Week 12 — My Journey into Data Analytics — DA Minidegree Review — CXL Institute

Some of the Benefits of using Bigquery

  1. Google Analytics connected to BigQuery enables you to answer more, deeper business questions in more detail.
  2. Analyzing massive amounts of traffic data will be done in the cloud. The Data is unsampled, unlike Standard GA.
  3. Many native platforms limit the amount of historical data you can access. For example, Google Search Console offers six months of historical data within its native interface. But with BigQuery you can use it to store all your past data, giving a complete overview of your historical performance.
  4. It is easy to import custom data sets and use them with your Google Analytics data.
  5. With hit-based data, you can analyze what is happening on your website on a very granular level (second by second, filtering by dimensions…), sequence of interactions down to a particular session level.
  6. With BigQuery you can access individual user’s hits (anonymized data), which can help you personalize your website for the next time they visit it.

How to Get started

  • the python-based tool that can access BigQuery from the command line
  • RESTful API to access BigQuery programmatically
  • Requires authorization by OAuth2
  • Google client libraries for Python, JavaScript, PHP, etc.
  • Visualization and Statistical Tools tools like Tableau, QlikView, R, etc.

Big query Structure

  • Native tables: tables backed by native BigQuery storage
  • External tables: tables backed by storage external to BigQuery
  • Views: virtual tables defined by a SQL query
  • Load: load data into a table
  • Query: run a query against BigQuery data •
  • Extract: export a BigQuery table to Google Cloud Storage
  • Copy: copy an existing table into another new or existing table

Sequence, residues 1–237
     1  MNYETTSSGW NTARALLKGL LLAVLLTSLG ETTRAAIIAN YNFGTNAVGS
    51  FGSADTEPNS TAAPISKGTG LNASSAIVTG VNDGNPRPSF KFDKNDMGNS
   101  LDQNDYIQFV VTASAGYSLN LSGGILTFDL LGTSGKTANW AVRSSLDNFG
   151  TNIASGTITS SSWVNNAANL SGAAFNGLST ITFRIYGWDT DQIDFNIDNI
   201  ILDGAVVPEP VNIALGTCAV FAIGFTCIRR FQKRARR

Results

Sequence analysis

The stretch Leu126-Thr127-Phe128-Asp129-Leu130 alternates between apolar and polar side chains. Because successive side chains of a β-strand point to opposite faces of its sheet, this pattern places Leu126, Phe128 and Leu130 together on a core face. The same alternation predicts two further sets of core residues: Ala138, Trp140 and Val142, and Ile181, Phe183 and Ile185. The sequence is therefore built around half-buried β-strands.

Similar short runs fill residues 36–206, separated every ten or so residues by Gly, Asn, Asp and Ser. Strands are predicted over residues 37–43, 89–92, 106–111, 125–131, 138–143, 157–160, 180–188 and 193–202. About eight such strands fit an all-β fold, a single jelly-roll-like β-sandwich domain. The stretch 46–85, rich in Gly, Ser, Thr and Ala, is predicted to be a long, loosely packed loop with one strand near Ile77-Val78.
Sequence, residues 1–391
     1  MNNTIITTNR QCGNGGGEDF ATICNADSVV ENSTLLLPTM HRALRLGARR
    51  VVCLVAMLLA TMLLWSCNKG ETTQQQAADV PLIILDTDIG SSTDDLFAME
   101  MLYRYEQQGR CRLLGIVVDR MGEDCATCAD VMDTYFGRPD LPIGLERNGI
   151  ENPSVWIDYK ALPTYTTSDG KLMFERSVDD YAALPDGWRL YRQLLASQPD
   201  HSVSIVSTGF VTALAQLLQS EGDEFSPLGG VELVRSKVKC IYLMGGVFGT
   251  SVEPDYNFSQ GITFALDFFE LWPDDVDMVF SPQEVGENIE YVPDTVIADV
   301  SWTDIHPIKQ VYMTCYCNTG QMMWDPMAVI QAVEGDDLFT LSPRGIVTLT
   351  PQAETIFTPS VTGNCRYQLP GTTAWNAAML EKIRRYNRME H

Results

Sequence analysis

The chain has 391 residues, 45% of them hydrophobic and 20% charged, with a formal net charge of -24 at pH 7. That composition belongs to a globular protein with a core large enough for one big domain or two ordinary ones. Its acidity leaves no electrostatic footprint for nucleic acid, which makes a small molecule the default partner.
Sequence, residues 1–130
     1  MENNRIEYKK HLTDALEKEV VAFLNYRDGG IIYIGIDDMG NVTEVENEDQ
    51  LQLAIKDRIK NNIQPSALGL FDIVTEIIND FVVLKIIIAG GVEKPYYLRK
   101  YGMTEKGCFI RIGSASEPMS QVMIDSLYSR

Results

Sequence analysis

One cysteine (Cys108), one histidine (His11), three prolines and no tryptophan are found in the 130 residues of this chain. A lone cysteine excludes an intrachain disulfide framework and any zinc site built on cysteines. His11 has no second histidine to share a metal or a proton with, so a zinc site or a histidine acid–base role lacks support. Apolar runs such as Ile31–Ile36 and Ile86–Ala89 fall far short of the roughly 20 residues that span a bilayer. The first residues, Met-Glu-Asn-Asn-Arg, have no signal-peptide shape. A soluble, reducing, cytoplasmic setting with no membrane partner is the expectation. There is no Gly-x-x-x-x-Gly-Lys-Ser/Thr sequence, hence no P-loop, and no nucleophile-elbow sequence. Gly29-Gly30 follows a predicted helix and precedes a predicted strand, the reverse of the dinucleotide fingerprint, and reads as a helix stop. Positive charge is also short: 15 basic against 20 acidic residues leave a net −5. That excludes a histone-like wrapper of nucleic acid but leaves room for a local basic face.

via https://cloud.google.com/blog/products/data-analytics/new-blog-series-bigquery-explained-overview

The BigQuery interface

  • Query history. Queries you’ve run previously. It’s especially useful when you run tests but forget to register the best queries you might need later.
  • Saved query. Where to find your registered queries. Name them clearly so you can find them quickly later.
  • Job history. The history of what happened in BigQuery — imports, exports, task history, etc.
  • Transfers. Where you see and configure Data Transfers, a Google service to import Google data (e.g. Ads, Play, YouTube) into BigQuery.
  • Scheduled queries. Register queries and runs them every hour/day/week, etc.
  • BI engines. A new feature that integrates with familiar Google tools like Google Data Studio to accelerate data exploration and analysis. A BigQuery enhancer.
  • Resources. Pin a project to see it at the top of the list. It’s super useful when you have lots of projects but work often on just a few. You can also add a public dataset to play with data if you want to learn the tool but don’t have your own.

How to Query Data?

Via https://infotrust.com/

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